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IIMs footloose, nanny government fancies a leash

Prodded by the PMO, the education ministry is preparing an amendment bill to ensure that autonomy of the institutes went together with accountability
Several decisions taken by the IIMs in recent years have left the education ministry uncomfortable
Several decisions taken by the IIMs in recent years have left the education ministry uncomfortable
File Photo

Basant Kumar Mohanty   |   New Delhi   |   Published 17.10.22, 02:13 AM

The Centre is working to amend the IIM Act and modify its autonomy provisions because the B-schools, emboldened by their newfound freedom, are ignoring advice from the education ministry, official sources said.

They said that prodded by the Prime Minister’s Office, the education ministry was preparing an amendment bill to ensure that autonomy went together with accountability. The bill might be tabled during the coming winter session of Parliament.


Under the IIM Act, which came into force in January 2018 and granted the premier B-schools greater autonomy, the board of governors of each institute has 19 members who include just one representative each from the central and state governments.

The board nominates its remaining 17 members from among eminent personalities, faculty and alumni. The board also appoints the search panels for the appointment of new directors and chairpersons, and later makes the appointments if it agrees with the search panels’ recommendations.

The details of the amendment bill have not been finalised, but the education ministry is working to give the government a bigger say in the appointment process for directors, chairpersons and board members, the sources said.

Before the IIM Act was passed, the then human resource development (HRD) ministry (now education ministry) used to appoint the IIMs’ directors, chairpersons and board members.

Several decisions taken by the IIMs in recent years have left the education ministry uncomfortable.

For instance, after the IIM Act was passed, several of the institutes began offering one-year MBA courses for working executives.

The University Grants Commission (UGC) Act empowers the commission — the higher education regulator — to notify the durations and nomenclatures of the programmes and degrees offered by academic institutions. According to a UGC notification, MBA courses must be of two years’ duration.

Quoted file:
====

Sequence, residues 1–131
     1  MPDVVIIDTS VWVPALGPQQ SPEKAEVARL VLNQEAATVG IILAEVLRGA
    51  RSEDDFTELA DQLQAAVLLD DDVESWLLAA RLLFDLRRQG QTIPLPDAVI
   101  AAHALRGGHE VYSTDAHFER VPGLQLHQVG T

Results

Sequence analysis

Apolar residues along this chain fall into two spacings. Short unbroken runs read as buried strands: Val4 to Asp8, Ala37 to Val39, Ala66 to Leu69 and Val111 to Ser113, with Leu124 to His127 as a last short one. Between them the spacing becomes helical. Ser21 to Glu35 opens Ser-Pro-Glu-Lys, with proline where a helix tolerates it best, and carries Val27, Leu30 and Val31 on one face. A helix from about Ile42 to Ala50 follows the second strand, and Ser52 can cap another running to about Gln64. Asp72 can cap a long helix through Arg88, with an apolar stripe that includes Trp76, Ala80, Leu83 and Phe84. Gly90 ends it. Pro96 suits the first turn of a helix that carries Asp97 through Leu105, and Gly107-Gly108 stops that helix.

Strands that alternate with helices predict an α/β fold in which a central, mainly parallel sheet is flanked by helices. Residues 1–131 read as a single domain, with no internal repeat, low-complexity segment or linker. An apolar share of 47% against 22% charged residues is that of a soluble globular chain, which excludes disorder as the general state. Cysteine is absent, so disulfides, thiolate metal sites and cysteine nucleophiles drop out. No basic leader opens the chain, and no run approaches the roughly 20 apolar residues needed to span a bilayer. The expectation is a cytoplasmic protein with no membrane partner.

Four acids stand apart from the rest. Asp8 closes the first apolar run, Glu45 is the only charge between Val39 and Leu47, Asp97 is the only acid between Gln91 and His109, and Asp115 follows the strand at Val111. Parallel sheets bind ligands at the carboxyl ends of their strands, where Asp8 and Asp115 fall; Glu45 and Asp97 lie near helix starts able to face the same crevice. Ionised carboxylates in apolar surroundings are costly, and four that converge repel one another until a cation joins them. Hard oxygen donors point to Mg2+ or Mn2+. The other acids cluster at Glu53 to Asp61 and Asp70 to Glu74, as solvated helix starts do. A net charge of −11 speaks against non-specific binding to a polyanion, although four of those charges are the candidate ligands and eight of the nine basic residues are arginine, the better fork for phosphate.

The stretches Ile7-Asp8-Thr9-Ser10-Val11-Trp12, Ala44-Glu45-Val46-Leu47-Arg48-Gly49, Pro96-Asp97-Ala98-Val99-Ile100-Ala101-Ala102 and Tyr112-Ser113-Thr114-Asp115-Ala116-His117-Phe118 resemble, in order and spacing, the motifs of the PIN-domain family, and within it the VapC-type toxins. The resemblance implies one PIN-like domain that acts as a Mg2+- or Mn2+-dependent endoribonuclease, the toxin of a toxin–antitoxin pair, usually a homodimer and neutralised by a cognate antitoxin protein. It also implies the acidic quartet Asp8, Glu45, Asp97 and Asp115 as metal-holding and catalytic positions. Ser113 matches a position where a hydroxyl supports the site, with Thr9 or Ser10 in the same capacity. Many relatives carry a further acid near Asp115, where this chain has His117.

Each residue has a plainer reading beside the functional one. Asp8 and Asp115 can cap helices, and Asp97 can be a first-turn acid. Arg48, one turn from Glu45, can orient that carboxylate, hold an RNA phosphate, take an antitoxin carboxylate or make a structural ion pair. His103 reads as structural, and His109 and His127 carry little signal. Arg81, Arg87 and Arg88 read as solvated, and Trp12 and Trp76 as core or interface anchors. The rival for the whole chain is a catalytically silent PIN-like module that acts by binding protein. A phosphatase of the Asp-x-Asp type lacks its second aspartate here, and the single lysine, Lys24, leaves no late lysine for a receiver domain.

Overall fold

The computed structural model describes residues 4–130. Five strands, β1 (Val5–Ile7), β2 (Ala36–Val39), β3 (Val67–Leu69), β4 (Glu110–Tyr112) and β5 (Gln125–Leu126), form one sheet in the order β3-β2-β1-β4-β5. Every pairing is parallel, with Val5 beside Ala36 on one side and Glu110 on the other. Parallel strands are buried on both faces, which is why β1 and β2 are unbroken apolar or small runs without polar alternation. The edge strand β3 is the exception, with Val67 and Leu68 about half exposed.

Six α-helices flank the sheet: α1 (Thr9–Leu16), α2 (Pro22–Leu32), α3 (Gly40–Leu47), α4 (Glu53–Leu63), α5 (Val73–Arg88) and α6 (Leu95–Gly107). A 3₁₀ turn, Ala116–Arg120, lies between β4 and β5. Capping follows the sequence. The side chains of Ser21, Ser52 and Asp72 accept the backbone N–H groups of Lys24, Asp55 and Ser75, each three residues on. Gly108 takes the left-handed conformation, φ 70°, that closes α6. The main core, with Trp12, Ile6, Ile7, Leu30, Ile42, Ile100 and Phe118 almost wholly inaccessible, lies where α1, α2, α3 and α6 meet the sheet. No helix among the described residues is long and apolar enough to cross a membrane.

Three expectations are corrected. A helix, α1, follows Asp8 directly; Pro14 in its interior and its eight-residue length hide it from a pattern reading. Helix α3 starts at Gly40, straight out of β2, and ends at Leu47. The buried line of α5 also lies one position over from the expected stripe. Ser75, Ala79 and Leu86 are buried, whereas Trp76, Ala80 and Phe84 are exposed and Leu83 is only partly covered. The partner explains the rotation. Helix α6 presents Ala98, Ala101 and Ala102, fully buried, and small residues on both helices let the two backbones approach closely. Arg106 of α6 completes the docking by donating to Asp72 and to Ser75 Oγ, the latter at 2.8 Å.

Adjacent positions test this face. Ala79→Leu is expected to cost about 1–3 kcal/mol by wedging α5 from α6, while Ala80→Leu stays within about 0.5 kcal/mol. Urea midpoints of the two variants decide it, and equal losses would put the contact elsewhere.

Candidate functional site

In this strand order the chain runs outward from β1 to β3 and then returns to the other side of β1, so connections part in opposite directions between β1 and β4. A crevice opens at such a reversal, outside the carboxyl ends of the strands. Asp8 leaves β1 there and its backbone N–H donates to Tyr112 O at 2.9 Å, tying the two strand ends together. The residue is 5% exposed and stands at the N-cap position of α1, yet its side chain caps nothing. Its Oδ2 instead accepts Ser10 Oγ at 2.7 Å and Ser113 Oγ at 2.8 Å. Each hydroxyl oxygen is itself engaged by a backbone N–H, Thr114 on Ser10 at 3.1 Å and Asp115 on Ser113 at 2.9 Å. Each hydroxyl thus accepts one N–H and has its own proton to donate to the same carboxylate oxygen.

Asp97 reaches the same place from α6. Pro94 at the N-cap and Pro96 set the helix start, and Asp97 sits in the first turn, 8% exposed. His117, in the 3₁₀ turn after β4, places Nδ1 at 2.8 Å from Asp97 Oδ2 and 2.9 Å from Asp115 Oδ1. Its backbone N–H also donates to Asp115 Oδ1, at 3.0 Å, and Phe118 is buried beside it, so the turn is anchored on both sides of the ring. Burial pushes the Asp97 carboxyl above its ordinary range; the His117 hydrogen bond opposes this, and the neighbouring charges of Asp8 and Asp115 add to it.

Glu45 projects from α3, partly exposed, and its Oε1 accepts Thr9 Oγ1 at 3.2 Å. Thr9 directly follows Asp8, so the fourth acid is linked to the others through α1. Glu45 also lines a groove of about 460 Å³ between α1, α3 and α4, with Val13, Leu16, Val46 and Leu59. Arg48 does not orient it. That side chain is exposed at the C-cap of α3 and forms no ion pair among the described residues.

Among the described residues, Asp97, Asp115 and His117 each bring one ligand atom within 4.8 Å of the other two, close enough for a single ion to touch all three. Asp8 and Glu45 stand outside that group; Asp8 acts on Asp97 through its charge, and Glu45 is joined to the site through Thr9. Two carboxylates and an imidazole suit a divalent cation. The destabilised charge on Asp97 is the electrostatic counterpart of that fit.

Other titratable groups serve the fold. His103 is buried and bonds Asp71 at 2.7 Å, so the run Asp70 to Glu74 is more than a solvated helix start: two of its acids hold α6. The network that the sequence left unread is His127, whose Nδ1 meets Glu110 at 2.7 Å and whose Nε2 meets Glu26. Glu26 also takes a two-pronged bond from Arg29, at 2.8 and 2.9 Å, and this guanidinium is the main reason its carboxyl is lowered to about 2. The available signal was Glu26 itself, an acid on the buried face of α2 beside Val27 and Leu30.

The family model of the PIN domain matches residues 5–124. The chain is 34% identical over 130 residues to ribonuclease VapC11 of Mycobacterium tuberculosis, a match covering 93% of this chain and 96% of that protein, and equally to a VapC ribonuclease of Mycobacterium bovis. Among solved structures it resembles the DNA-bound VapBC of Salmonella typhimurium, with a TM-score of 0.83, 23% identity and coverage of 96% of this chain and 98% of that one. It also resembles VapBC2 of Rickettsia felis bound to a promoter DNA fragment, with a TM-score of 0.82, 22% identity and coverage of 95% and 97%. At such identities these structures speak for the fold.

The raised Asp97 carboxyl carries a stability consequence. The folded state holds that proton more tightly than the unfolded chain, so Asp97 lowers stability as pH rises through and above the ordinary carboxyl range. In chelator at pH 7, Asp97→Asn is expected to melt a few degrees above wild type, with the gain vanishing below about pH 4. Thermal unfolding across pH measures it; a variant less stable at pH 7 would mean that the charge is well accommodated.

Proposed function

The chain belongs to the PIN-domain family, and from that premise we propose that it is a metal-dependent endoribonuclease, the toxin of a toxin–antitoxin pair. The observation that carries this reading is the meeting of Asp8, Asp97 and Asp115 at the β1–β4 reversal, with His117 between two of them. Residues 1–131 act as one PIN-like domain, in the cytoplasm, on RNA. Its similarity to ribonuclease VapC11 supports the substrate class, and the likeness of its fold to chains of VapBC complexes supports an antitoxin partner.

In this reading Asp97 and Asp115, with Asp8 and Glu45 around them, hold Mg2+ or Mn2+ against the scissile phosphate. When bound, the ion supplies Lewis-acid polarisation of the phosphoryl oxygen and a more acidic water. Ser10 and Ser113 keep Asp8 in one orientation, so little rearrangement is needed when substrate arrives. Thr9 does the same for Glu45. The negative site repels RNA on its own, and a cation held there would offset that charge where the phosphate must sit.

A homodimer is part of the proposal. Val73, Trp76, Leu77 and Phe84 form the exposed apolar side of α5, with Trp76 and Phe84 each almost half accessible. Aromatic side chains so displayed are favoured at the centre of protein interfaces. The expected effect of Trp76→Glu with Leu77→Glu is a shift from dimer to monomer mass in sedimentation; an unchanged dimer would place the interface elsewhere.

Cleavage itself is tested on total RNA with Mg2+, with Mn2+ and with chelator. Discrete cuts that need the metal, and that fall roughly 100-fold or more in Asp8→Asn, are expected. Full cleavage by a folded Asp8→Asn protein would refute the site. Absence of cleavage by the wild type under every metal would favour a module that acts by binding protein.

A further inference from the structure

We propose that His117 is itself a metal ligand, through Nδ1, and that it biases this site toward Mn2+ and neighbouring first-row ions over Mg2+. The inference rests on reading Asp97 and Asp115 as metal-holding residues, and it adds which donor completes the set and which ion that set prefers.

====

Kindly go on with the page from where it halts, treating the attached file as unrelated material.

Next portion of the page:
In July 2020, the education ministry issued an advisory to the IIMs, based on opinion obtained from the government’s legal department, saying they could offer either a one-year postgraduate diploma programme in management for working executives, or MBA degrees in compliance with the UGC’s nomenclature and duration norms. None of the IIMs has followed the advice yet.

In 2019, IIM Ahmedabad appointed to its faculty a former Gujarat police officer who had arrested a few police officers in 2007 in connection with the Sohrabuddin Sheikh fake encounter case.

The Centre had expressed displeasure at the appointment but the IIM stuck to its decision, citing its autonomy.

In March this year, IIM Rohtak’s board of governors reappointed Dheeraj Sharma as director for a second term despite opposition from the ministry because of a controversy over his academic credentials.

Days after his reappointment, the government issued a showcause notice to Sharma asking him to explain why he had not submitted his first-class bachelor degree, which was a prerequisite for the post of IIM Rohtak director, despite being asked to. The notice said Sharma had continued to conceal the fact that he did not possess a first-class bachelor degree.

The education ministry recently said it was finalising a new procedure for setting up the search panels for the appointment of chairpersons -- which had been the sole province of the boards of governors under the IIM Act. The ministry asked the IIMs’ boards to extend the tenures of their chairpersons till the new procedure was finalised. But several IIMs such as those at Ahmedabad and Bangalore have gone ahead and set up the search panels themselves.

“A lot of suggestions and representations (from IIM faculty) have come in the last three years about the (allegedly arbitrary) functioning of the IIMs. Changes (to the IIM Act) are being planned keeping in mind this feedback,” an official said.

A former director-in-charge at IIM Calcutta, B.N. Srivastava, said the IIM Act should indeed be amended -- but to give the institutes absolute academic freedom.

“At present, there is a lot of confusion. The ministry wants parity with the UGC Act on the durations and nomenclatures of degree programmes. It refuses to accept the IIMs’ claim that they are not compromising on quality with the one-year MBA courses,” Srivastava said.

“The act should be amended to say that the IIMs enjoy absolute academic freedom notwithstanding the provisions in the UGC Act.”

Srivastava said that parity among all institutions in designing academic courses was not a good idea, and that institutions should be allowed the flexibility to innovate.

“Besides, (without the one-year MBA) the IIMs will lose students. Foreign institutions offer one-year executive MBAs; people will go there,” he said.

Srivastava, however, agreed with the government’s contention that several IIM boards were increasingly becoming arbitrary in their functioning.

“The existing procedure for the nomination of new board members and the appointment of directors and chairpersons lacks transparency,” he said.

“For neutrality, the appointment of directors and chairpersons should be left to the government while the board may appoint its own members.”

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